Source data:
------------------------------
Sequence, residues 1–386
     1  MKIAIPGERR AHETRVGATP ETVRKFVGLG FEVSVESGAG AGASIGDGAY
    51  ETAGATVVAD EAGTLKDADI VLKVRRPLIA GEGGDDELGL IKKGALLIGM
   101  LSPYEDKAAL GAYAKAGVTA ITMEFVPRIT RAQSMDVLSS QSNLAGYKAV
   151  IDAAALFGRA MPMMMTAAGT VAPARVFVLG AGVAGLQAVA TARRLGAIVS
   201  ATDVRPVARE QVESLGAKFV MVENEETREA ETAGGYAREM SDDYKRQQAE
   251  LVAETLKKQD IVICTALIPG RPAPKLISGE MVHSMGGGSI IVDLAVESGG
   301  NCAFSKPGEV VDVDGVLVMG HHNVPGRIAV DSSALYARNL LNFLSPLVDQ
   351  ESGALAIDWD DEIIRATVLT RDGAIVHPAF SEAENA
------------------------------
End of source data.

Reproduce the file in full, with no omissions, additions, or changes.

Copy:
Sequence, residues 1–386
     1  MKIAIPGERR AHETRVGATP ETVRKFVGLG FEVSVESGAG AGASIGDGAY
    51  ETAGATVVAD EAGTLKDADI VLKVRRPLIA GEGGDDELGL IKKGALLIGM
   101  LSPYEDKAAL GAYAKAGVTA ITMEFVPRIT RAQSMDVLSS QSNLAGYKAV
   151  IDAAALFGRA MPMMMTAAGT VAPARVFVLG AGVAGLQAVA TARRLGAIVS
   201  ATDVRPVARE QVESLGAKFV MVENEETREA ETAGGYAREM SDDYKRQQAE
   251  LVAETLKKQD IVICTALIPG RPAPKLISGE MVHSMGGGSI IVDLAVESGG
   301  NCAFSKPGEV VDVDGVLVMG HHNVPGRIAV DSSALYARNL LNFLSPLVDQ
   351  ESGALAIDWD DEIIRATVLT RDGAIVHPAF SEAENA